Two Dirty Little Secrets About Electronic Health Records

By Larry Husten for Forbes

Here are two dirty little secrets about electronic health records (EHR). Just about everyone in the field already knows these secrets, and many are quietly horrified, but few want to discuss them since there are no obvious or easy solutions.

EHRs Are a Threat to Freedom of Speech and Academic Freedom

Epic Systems, a privately-held company, is the largest provider of EHRs. Most of the big medical centers, including all of the top 10 academic medical centers in the US, use Epic. Like many other EHR companies, Epic requires hospitals and physicians to sign a non-dispargement agreement, or “gag” clause. In fact, Epic doesn’t even allow its hospitals and physicians to publish screen shots of its software in use.Think about that for a second: Epic users– including a large percentage of the leading physicians in the country– are legally forbidden to criticize their EHR or even share images of how it works.

Bob Wachter, a leading doctor at UCSF, recently wrote about a case in which a young patient nearly died after receiving a massive overdose of an antibiotic. The incident was caused in large part by the poor design and interface of the Epic system. Wachter  needed to obtain permission from the CEO of Epic to reproduce screenshots to tell the story. Wachter, who was recently named Modern Healthcare’s most influential physician in 2015, would not have been able to fully tell this important story without the permission of Epic.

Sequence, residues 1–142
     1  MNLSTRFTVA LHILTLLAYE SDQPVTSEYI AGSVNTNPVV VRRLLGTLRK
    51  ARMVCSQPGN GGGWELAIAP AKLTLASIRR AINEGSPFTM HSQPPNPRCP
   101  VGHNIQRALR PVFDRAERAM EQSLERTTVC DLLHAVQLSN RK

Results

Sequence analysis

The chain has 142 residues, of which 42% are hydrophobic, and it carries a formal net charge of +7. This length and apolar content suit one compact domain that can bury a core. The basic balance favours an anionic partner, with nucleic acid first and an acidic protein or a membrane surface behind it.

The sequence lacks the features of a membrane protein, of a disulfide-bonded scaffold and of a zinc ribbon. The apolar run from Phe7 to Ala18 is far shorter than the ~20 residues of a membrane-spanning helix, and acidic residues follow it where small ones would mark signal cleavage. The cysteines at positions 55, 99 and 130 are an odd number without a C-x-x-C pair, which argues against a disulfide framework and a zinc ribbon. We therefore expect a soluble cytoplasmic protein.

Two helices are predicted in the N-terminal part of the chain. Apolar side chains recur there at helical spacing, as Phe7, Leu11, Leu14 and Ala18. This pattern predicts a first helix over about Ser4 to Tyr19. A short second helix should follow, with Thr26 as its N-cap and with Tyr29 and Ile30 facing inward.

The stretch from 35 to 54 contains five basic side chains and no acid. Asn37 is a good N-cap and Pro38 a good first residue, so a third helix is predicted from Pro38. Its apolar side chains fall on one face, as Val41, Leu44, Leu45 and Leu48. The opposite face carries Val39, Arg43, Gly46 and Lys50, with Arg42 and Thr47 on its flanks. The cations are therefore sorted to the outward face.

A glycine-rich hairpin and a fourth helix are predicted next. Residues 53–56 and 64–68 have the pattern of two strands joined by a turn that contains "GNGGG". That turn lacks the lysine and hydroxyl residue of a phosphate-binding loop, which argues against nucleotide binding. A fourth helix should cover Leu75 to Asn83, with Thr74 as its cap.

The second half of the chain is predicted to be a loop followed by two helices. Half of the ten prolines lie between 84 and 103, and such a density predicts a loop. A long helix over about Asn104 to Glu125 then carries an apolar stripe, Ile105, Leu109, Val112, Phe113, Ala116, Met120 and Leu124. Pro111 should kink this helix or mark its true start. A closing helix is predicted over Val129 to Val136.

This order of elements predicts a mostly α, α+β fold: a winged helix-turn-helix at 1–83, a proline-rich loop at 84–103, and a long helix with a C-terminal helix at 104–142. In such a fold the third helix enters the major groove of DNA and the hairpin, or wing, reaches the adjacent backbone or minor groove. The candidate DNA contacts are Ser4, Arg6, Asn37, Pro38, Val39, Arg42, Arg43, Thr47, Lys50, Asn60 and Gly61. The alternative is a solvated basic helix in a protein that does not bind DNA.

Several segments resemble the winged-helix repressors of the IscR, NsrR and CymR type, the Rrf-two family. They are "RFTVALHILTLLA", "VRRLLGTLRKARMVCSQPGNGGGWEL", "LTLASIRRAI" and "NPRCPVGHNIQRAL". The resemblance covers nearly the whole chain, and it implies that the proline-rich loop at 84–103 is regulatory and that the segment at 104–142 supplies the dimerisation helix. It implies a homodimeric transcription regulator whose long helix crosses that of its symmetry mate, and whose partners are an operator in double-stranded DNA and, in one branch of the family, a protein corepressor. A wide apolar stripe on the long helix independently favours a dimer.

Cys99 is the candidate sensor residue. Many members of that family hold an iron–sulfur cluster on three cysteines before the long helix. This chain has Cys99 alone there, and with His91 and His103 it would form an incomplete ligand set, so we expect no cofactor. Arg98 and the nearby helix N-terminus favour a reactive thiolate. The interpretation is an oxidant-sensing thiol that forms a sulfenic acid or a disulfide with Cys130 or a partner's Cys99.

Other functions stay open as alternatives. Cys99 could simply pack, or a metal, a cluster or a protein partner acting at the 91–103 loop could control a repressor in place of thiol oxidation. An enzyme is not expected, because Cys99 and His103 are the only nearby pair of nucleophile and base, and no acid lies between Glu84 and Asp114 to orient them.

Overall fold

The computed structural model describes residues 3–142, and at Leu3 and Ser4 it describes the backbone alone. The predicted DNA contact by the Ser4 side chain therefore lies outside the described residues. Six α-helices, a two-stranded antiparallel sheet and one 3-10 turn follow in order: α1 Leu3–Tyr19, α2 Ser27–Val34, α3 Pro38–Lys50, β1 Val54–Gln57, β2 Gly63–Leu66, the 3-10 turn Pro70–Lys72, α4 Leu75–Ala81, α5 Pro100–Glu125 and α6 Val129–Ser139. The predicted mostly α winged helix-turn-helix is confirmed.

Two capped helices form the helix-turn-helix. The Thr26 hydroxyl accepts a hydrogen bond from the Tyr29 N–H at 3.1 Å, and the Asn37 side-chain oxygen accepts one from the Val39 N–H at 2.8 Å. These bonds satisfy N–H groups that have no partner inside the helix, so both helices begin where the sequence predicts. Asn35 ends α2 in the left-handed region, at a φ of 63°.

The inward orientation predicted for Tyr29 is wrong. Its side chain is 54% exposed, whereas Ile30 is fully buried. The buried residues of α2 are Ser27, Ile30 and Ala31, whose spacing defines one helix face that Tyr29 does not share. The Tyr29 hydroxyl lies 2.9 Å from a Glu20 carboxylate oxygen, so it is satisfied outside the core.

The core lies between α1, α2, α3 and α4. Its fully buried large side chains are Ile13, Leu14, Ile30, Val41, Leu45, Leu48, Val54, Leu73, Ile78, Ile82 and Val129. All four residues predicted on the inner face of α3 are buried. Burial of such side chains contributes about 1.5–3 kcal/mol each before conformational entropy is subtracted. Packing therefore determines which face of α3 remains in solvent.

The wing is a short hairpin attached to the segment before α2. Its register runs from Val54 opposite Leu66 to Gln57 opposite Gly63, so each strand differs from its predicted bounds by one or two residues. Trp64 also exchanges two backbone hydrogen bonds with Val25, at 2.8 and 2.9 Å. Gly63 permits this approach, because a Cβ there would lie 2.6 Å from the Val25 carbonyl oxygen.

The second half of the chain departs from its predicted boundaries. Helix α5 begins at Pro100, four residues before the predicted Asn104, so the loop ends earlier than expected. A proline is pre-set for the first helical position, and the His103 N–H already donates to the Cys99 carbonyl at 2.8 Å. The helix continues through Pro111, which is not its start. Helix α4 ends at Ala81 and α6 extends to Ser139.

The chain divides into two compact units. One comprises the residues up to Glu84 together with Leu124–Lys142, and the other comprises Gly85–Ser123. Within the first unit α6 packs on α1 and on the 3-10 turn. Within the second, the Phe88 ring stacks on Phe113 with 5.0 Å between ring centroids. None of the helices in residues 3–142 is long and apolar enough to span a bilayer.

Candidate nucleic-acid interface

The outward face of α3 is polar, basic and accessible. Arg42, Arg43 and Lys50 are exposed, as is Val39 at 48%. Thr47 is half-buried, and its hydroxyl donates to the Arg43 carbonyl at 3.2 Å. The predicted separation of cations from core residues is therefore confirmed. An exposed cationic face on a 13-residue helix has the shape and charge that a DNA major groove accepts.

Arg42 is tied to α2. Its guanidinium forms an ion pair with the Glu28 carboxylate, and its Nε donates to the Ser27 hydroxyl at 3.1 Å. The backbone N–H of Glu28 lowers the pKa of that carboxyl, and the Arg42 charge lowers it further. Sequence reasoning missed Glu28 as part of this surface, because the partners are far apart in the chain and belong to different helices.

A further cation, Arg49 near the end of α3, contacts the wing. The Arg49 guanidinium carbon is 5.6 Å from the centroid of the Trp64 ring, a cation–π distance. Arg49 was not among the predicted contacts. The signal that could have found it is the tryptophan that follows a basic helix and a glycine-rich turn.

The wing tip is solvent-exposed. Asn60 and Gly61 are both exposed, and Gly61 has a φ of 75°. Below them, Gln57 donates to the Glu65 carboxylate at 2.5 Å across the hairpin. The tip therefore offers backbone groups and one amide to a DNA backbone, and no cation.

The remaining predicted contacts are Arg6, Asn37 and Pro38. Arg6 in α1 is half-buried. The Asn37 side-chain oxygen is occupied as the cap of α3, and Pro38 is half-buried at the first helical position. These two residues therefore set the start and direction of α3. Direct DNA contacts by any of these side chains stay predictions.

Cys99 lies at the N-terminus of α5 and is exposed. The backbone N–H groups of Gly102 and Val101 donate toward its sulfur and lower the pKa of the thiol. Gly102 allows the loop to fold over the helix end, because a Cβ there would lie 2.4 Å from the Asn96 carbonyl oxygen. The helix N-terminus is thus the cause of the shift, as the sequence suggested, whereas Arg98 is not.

My question: how is it even possible that the top hospitals and medical schools in the country agreed to this severe restriction on academic freedom and freedom of speech? How is it that one company can limit the ability of doctors to write about their cases? Imagine for a moment if a pharmaceutical company insisted that hospitals and doctors could only use its drugs if they agreed not to say bad things about those drugs. I understand that there may be some legitimate issues involving proprietary information, but this limitation goes way beyond any possible legitimate interpretation.

Electronic Health Records Are Not Even Electronic Health Records

Here’s the second secret: EHRs are not really EHRs. That is to say, electronic health records were not designed with the primary goal of helping physicians and other healthcare workers provide the best possible healthcare to their patients. Instead, the primary goal of EHRs is to make sure that healthcare providers receive maximum reimbursement and to provide data to executives to help them “manage” their workers and their systems. EHRs have not been designed by doctors and nurses and patients for the use of doctors and nurses and patients. Instead, these systems have been designed for healthcare executives to manage their enormously and increasingly unwieldy and complex systems.

EHRs and the Future

I don’t want to give the wrong impression: I’m not against EHRs. The future of medicine and our healthcare system depends on their success. Let me just briefly mention two important reasons. One, it is clear that the significant advances promised from “Big Data” or “Precision Medicine” will require an efficient and trustworthy EHR. Two, EHRs are absolutely required if we are going to have randomized registry trials, which may well be the best single way to bring a solid base of evidence to the vast amount of medical care for which no evidence base exists.